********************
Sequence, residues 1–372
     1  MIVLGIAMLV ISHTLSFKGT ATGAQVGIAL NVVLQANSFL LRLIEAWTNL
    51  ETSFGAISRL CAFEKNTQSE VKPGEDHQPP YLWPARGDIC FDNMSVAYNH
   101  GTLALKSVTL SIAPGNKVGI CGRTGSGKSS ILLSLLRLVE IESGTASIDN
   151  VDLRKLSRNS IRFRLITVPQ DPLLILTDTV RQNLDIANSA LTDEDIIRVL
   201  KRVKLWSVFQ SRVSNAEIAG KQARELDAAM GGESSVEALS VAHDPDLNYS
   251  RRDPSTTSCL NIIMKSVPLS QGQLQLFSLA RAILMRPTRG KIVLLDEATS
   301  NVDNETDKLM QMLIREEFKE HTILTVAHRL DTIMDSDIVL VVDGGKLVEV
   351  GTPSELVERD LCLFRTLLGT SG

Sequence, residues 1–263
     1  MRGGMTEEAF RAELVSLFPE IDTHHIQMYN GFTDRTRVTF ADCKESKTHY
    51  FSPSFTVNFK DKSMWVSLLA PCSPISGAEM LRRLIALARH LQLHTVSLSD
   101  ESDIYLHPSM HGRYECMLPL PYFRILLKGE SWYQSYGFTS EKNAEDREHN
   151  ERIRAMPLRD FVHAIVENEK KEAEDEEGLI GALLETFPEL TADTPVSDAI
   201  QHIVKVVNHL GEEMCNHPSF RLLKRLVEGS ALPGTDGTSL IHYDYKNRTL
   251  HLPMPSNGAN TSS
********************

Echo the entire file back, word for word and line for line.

Sequence, residues 1–372
     1  MIVLGIAMLV ISHTLSFKGT ATGAQVGIAL NVVLQANSFL LRLIEAWTNL
    51  ETSFGAISRL CAFEKNTQSE VKPGEDHQPP YLWPARGDIC FDNMSVAYNH
   101  GTLALKSVTL SIAPGNKVGI CGRTGSGKSS ILLSLLRLVE IESGTASIDN
   151  VDLRKLSRNS IRFRLITVPQ DPLLILTDTV RQNLDIANSA LTDEDIIRVL
   201  KRVKLWSVFQ SRVSNAEIAG KQARELDAAM GGESSVEALS VAHDPDLNYS
   251  RRDPSTTSCL NIIMKSVPLS QGQLQLFSLA RAILMRPTRG KIVLLDEATS
   301  NVDNETDKLM QMLIREEFKE HTILTVAHRL DTIMDSDIVL VVDGGKLVEV
   351  GTPSELVERD LCLFRTLLGT SG

Sequence, residues 1–263
     1  MRGGMTEEAF RAELVSLFPE IDTHHIQMYN GFTDRTRVTF ADCKESKTHY
    51  FSPSFTVNFK DKSMWVSLLA PCSPISGAEM LRRLIALARH LQLHTVSLSD
   101  ESDIYLHPSM HGRYECMLPL PYFRILLKGE SWYQSYGFTS EKNAEDREHN
   151  ERIRAMPLRD FVHAIVENEK KEAEDEEGLI GALLETFPEL TADTPVSDAI
   201  QHIVKVVNHL GEEMCNHPSF RLLKRLVEGS ALPGTDGTSL IHYDYKNRTL
   251  HLPMPSNGAN TSS